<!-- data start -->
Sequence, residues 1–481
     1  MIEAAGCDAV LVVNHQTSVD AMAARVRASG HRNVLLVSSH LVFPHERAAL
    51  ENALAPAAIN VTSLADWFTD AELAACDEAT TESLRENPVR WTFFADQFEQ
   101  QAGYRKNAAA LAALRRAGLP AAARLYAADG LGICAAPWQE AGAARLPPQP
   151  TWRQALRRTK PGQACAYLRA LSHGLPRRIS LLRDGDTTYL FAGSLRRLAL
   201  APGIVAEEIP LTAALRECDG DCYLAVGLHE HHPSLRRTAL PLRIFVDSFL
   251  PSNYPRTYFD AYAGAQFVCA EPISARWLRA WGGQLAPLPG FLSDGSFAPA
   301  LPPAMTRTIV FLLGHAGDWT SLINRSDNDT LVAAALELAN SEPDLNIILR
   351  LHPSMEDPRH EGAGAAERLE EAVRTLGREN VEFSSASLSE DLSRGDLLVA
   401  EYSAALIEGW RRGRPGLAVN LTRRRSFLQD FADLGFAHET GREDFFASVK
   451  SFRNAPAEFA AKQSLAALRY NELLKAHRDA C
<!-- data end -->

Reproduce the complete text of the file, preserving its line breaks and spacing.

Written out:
Sequence, residues 1–481
     1  MIEAAGCDAV LVVNHQTSVD AMAARVRASG HRNVLLVSSH LVFPHERAAL
    51  ENALAPAAIN VTSLADWFTD AELAACDEAT TESLRENPVR WTFFADQFEQ
   101  QAGYRKNAAA LAALRRAGLP AAARLYAADG LGICAAPWQE AGAARLPPQP
   151  TWRQALRRTK PGQACAYLRA LSHGLPRRIS LLRDGDTTYL FAGSLRRLAL
   201  APGIVAEEIP LTAALRECDG DCYLAVGLHE HHPSLRRTAL PLRIFVDSFL
   251  PSNYPRTYFD AYAGAQFVCA EPISARWLRA WGGQLAPLPG FLSDGSFAPA
   301  LPPAMTRTIV FLLGHAGDWT SLINRSDNDT LVAAALELAN SEPDLNIILR
   351  LHPSMEDPRH EGAGAAERLE EAVRTLGREN VEFSSASLSE DLSRGDLLVA
   401  EYSAALIEGW RRGRPGLAVN LTRRRSFLQD FADLGFAHET GREDFFASVK
   451  SFRNAPAEFA AKQSLAALRY NELLKAHRDA C